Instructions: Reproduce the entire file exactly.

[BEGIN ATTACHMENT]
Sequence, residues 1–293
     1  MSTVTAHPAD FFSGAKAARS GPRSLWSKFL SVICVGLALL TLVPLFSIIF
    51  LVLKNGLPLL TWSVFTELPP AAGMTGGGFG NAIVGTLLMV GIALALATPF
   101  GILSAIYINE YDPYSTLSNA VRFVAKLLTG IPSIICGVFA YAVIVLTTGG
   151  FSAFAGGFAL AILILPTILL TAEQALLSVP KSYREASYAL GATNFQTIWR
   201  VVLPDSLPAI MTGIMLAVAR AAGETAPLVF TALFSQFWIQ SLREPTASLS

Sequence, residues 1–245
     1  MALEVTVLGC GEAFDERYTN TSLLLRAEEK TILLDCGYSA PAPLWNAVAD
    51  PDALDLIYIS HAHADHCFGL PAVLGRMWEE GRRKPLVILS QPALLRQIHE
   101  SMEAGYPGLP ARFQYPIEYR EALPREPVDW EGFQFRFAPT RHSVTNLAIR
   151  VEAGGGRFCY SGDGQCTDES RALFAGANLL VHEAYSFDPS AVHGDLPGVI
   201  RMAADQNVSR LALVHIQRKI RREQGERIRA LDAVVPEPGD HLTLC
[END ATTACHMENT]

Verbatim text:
Sequence, residues 1–293
     1  MSTVTAHPAD FFSGAKAARS GPRSLWSKFL SVICVGLALL TLVPLFSIIF
    51  LVLKNGLPLL TWSVFTELPP AAGMTGGGFG NAIVGTLLMV GIALALATPF
   101  GILSAIYINE YDPYSTLSNA VRFVAKLLTG IPSIICGVFA YAVIVLTTGG
   151  FSAFAGGFAL AILILPTILL TAEQALLSVP KSYREASYAL GATNFQTIWR
   201  VVLPDSLPAI MTGIMLAVAR AAGETAPLVF TALFSQFWIQ SLREPTASLS

Sequence, residues 1–245
     1  MALEVTVLGC GEAFDERYTN TSLLLRAEEK TILLDCGYSA PAPLWNAVAD
    51  PDALDLIYIS HAHADHCFGL PAVLGRMWEE GRRKPLVILS QPALLRQIHE
   101  SMEAGYPGLP ARFQYPIEYR EALPREPVDW EGFQFRFAPT RHSVTNLAIR
   151  VEAGGGRFCY SGDGQCTDES RALFAGANLL VHEAYSFDPS AVHGDLPGVI
   201  RMAADQNVSR LALVHIQRKI RREQGERIRA LDAVVPEPGD HLTLC